ADHD found to increase crash risk among older driving adults

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In a recent study published in JAMA Network Open, researchers examined attention-deficit/hyperactivity disorder (ADHD) prevalence and the association between ADHD and car crash risk among older adult drivers.

Study: Motor Vehicle Crash Risk in Older Adult Drivers With Attention-Deficit/Hyperactivity Disorder. Image Credit: PV productions/Shutterstock.comStudy: Motor Vehicle Crash Risk in Older Adult Drivers With Attention-Deficit/Hyperactivity Disorder. Image Credit: PV productions/Shutterstock.com

Background

ADHD, a chronic neurodevelopmental disorder, although considered a pediatric disorder, can persist through adulthood and old age.

ADHD symptoms, such as impulsivity, hyperactivity, and inattentiveness, could affect affected individuals' driving performance and routine activities. Studies on driving safety among ADHD patients have been limited to young adults and adolescents.

About the study

In the present prospective cohort study, researchers investigated whether the crash risk was higher among older driving adults with ADHD compared to those without ADHD.

The study obtained data from healthcare systems and primary care centers in five United States (US) regions (Ann Arbor, Baltimore, Cooperstown, San Diego, and Denver) between 6 July 2015 and 31 March 2019.

The study included the Longitudinal Research on Aging Drivers (LongROAD) trial participants who were active driving individuals aged between 65 and 79 years and had completed 44-month follow-ups and yearly evaluations using in-vehicle devices.

Data were analyzed between 15 July 2022 and 14 August 2023. The study exposure was ADHD prevalence based on responses to questions regarding ADHD history and ADHD diagnosis received by healthcare professionals such as physicians. The study outcomes included hard-braking-type events with ≥0.40 g deceleration rates, vehicular crashes, and traffic-related events reported by self.

Annual questionnaires with health, driving, and functioning domains were distributed to obtain data on health behaviors, driving performance, and demographics. Driving data, including miles driven and hard-braking-type events, were obtained.

The team used the brown-bag review approach to obtain data on supplements and medications coded according to the American Society of Health-System Pharmacists.

Only individuals with valid driver’s licenses, driving once or more times a week, living in the catchment areas for ten months or more in a year, without any plans to shift to regions other than the study sites in the next five years, and having accessibility to motor vehicles produced in 1996 or later with on-board diagnostic ports were included.

The participants drove vehicles for at least 80% of their day, spoke English fluently, and scored ≥4.0 on the screening test.

Older adult individuals with significant cognitive impairments and Alzheimer’s disease or related dementias, those with missing ADHD or driving information, and unreliable hard-braking event-related data were excluded from the analysis.

Multivariate modeling was performed to determine the adjusted incidence rate ratio (aIRR) values, adjusting for covariates such as age, sex, ethnicity, race, marital status, urbanicity, educational attainment, and annual income.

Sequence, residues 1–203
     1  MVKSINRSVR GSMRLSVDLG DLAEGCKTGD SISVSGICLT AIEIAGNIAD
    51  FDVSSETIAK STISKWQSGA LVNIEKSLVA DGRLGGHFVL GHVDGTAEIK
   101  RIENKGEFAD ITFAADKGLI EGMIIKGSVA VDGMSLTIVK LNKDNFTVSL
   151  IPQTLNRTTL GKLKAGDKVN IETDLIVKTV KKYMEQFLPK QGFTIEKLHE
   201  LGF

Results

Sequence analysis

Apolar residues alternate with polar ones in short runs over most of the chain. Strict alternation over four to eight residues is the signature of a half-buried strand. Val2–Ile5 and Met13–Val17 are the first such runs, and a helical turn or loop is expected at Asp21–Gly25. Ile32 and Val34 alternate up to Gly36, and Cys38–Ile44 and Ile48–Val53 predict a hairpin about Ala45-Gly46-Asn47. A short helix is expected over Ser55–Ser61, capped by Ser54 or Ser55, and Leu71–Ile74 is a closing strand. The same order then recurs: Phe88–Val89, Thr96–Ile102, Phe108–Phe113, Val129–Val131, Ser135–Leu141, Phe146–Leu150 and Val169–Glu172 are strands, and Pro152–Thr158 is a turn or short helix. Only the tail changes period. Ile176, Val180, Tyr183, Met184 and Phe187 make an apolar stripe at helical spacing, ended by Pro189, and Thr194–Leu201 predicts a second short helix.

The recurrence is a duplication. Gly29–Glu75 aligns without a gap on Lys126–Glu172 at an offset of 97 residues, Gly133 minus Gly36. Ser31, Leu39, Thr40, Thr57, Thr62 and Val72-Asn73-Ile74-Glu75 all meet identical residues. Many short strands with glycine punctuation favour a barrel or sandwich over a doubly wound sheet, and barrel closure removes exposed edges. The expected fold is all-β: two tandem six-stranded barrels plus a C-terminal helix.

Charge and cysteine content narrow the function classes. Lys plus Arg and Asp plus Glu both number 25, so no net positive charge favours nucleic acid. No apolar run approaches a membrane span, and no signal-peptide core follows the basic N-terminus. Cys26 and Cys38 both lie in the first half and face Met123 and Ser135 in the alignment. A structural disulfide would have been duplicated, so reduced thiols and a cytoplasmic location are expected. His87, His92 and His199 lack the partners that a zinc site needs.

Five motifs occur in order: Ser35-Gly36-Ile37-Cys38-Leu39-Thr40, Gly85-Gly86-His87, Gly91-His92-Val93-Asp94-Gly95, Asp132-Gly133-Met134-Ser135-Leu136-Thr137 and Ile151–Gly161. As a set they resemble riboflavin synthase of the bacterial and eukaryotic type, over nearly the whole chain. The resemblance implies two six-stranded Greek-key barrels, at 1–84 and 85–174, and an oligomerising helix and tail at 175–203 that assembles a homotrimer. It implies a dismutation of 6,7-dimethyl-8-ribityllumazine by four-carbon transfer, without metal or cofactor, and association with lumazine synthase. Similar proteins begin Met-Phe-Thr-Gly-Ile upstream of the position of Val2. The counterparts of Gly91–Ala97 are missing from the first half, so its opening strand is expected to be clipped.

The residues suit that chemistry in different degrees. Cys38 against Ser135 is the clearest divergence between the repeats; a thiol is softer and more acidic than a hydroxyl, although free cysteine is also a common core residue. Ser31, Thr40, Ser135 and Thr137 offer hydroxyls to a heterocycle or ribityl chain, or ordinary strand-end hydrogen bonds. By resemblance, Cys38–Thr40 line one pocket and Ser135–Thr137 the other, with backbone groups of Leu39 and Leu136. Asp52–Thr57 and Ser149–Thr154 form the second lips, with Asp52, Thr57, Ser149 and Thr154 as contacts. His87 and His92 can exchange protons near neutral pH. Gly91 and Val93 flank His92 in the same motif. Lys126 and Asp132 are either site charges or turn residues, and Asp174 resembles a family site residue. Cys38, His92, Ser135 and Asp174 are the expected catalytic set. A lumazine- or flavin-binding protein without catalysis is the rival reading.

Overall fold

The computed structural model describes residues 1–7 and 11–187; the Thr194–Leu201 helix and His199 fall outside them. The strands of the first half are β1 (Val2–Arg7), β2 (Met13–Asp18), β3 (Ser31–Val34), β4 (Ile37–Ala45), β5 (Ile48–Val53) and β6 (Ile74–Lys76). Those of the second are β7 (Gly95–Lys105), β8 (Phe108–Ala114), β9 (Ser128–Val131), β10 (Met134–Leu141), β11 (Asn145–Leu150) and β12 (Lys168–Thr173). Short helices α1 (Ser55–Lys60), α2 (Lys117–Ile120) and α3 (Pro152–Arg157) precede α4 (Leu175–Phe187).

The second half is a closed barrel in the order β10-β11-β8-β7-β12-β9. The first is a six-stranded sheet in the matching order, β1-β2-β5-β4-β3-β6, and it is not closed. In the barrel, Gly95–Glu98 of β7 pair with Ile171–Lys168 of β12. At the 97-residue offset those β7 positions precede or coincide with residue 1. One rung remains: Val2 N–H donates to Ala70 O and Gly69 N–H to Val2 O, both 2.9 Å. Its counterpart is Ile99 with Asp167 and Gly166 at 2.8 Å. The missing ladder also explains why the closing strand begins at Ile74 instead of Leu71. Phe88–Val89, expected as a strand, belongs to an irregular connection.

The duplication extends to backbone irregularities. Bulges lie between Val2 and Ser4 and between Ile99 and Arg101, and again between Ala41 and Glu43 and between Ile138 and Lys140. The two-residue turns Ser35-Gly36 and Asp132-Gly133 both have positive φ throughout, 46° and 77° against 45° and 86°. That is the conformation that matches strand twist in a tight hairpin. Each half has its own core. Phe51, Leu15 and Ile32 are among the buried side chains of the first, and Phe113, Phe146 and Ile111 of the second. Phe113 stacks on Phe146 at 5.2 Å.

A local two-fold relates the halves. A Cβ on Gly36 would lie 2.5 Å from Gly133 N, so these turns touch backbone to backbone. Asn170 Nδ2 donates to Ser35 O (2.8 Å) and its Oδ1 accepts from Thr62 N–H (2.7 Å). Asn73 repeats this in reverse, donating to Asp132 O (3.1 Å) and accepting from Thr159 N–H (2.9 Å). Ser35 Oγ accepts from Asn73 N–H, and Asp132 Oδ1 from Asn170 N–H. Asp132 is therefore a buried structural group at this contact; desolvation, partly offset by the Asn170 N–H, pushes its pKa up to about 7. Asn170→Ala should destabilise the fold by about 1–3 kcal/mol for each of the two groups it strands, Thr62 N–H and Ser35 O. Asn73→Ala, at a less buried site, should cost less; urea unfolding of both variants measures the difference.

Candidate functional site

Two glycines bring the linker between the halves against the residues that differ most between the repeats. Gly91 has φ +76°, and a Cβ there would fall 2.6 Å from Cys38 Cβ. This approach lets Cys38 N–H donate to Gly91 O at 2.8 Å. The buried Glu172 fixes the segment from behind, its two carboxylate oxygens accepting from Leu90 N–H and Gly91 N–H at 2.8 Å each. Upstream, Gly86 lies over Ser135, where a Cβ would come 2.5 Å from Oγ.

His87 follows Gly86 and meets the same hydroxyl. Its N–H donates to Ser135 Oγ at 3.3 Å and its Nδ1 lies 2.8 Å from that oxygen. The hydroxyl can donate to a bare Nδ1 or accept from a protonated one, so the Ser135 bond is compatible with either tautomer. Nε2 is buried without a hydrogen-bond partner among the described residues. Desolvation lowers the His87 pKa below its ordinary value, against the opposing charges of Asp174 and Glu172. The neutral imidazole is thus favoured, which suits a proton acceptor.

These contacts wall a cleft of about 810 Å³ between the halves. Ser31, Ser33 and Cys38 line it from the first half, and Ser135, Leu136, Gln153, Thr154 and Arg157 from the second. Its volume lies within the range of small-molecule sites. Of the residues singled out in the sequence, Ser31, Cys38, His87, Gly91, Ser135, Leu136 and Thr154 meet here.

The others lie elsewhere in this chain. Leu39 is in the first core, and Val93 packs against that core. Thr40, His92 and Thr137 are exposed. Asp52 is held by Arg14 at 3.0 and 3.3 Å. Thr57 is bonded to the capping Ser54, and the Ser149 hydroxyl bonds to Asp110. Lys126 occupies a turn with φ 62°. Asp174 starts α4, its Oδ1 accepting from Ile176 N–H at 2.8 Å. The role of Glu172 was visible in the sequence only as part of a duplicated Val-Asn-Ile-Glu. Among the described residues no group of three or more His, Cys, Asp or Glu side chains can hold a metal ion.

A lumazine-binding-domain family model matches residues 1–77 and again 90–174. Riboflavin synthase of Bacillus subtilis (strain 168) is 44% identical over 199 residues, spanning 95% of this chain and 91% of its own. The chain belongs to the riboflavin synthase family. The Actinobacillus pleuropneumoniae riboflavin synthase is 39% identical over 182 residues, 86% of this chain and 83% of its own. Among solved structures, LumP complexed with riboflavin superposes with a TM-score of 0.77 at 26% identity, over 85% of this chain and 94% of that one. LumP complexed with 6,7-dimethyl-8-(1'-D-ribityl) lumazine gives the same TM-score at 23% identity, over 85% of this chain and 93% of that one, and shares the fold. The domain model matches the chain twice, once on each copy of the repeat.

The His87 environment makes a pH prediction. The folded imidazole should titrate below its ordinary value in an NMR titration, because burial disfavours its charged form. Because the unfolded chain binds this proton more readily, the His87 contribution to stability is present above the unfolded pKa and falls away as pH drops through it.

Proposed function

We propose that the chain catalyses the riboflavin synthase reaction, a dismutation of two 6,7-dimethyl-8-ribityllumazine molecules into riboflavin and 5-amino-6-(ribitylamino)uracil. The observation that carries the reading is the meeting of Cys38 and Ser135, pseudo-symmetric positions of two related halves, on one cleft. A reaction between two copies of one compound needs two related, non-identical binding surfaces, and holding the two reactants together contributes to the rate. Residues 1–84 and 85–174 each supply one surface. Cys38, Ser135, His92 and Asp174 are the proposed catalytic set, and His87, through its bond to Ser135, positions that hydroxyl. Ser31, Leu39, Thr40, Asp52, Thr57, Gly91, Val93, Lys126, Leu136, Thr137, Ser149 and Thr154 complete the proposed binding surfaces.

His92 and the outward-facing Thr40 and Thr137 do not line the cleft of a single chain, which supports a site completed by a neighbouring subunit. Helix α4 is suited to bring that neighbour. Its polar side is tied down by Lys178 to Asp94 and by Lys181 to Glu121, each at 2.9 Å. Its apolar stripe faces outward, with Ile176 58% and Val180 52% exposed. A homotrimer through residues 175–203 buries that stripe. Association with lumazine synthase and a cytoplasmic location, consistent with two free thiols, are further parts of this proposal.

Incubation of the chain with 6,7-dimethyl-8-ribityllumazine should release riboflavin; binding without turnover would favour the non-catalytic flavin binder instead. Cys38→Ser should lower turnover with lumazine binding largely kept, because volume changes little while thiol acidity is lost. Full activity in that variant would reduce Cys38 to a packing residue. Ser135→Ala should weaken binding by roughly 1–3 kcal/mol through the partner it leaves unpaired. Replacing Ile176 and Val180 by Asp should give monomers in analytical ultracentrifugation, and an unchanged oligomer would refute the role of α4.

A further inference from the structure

Results

Among 2,832 participants, the mean age was 71 years; 1,500 (53%) were female; 1,332 (47%) were male; 2,423 (86%) were non-Hispanic white; 1,774 (63%) were married; 1,807 (64%) had completed graduation; 1,988 (73%) had ≥$50,000 yearly income; 2,052 (73%) resided in urban regions; and 879 (32%) consumed ≥10 medications.

Anxiety was reported by 318 individuals (11%), and depression was reported by 560 individuals (20%). ADHD prevalence among the participants was three percent.

ADHD prevalence showed statistically significant differences between those consuming ≥10 drugs vs. those consuming fewer drugs (4.8% versus 1.5%), between anxious and non-anxious participants (7.2% versus 2.0%), and between depressed and non-depressed individuals (7.3% versus 1.4%).

Older driving adults with ADHD showed significantly greater incidences of events related to hard braking per 1,000 miles compared to their non-ADHD counterparts (1.4 vs. 1.2), traffic-related events for every 1,000,000 miles (23 vs. 9.7), and motor vehicle accidents per 1,000,000 miles (27 vs. 13.5).

Adjusting for baseline variables, ADHD increased the hard-braking-type event risk by 7.0%, traffic-related event risk by 102%, and motor vehicle crash risk by 74%, with aIRR values of 1.1, 2.0, and 1.7, respectively.

Significantly higher incidences of events related to hard braking were reported among anxious (1.3) and depressed (1.3) individuals, 75-to-79-year-olds (1.3), females (1.2), non-Hispanic Blacks (1.3), unmarried (1.3), residents of urban regions (1.4), or those who consumed at least ten medications (1.3). Site-stratified analyses yielded similar results as the primary analysis.

Based on the study findings, crash risk is significantly higher among older driving adults with ADHD compared to those without ADHD.

The findings indicate that efficient interventions are required to improve ADHD diagnosis and management in the older population and promote healthy aging and safe mobility.

Journal reference:
Pooja Toshniwal Paharia

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Pooja Toshniwal Paharia

Dr. based clinical-radiological diagnosis and management of oral lesions and conditions and associated maxillofacial disorders.

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